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Tuesday, August 30, 2016

Important Facts About Eating Disorders

Back-to-school is less than a week away and Mental Health America (MHA) is prepping students and parents alike with their new toolkit, which includes online info graphics and articles designed to promote positive mental health in adolescents. 

From building self-esteem to recognizing the signs of body dysmorphic disorder, MHA pinpoints mental issues facing young students today.  

One such article is “7 Important Facts About Eating Disorders,” which brings to light some crucial facts and figures about this serious mental illness. For example, did you know that anorexia nervosa has the highest mortality rate of any psychiatric disorder? And that the mortality rate associated with anorexia nervosa is twelve times higher than the death rate of all causes of death for females 15 to 24 years old? Pretty shocking. 

Here are some other profound points made in the article:

Eating disorders are life consuming. Thoughts, emotions, attitudes, and behaviors regarding weight and food issues are constant for those with eating disorders, notes MHA, making it impossible to live a normal life.

You can’t just “get over” an eating disorder. Eating disorders impact perceptions of body image as well as behaviors – both which take time to change.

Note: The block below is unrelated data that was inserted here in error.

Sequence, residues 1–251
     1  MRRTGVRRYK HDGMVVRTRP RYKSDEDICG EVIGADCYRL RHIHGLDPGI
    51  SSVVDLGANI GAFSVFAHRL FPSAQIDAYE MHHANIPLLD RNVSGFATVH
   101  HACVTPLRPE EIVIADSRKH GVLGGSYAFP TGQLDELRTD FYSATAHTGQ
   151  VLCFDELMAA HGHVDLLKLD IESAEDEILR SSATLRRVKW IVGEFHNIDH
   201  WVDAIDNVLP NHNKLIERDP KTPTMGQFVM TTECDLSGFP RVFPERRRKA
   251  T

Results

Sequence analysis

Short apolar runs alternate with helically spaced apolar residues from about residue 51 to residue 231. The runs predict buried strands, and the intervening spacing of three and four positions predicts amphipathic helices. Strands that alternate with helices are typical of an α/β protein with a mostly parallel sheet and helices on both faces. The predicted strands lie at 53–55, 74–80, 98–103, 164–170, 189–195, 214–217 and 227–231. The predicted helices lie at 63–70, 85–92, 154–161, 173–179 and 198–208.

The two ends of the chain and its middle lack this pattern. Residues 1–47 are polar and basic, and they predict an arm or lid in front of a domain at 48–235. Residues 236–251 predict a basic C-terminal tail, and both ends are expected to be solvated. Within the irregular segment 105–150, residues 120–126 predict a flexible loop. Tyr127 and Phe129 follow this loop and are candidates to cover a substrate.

Eating disorders aren’t just “women’s disorders.”  Men and women both feel pressure to look a certain way, according to MHA, which can influence the development of an eating disorder.

Recovery is possible. Most often, care is provided by a multidisciplinary team, including a therapist (psychologist, counselor, or social worker), dietician, psychiatrist, and/or primary care physician.

Dual-Diagnosis Treatment for Young Adults
When young adults are dealing with a coexisting mental health issue, the rehabilitation process requires specialized dual-diagnosis expertise. At Hope by the Sea’s Hope Academy program, we conduct a series of tests upon admission to determine if mental illness is complicating substance abuse. To learn more, call 866-930-4673.






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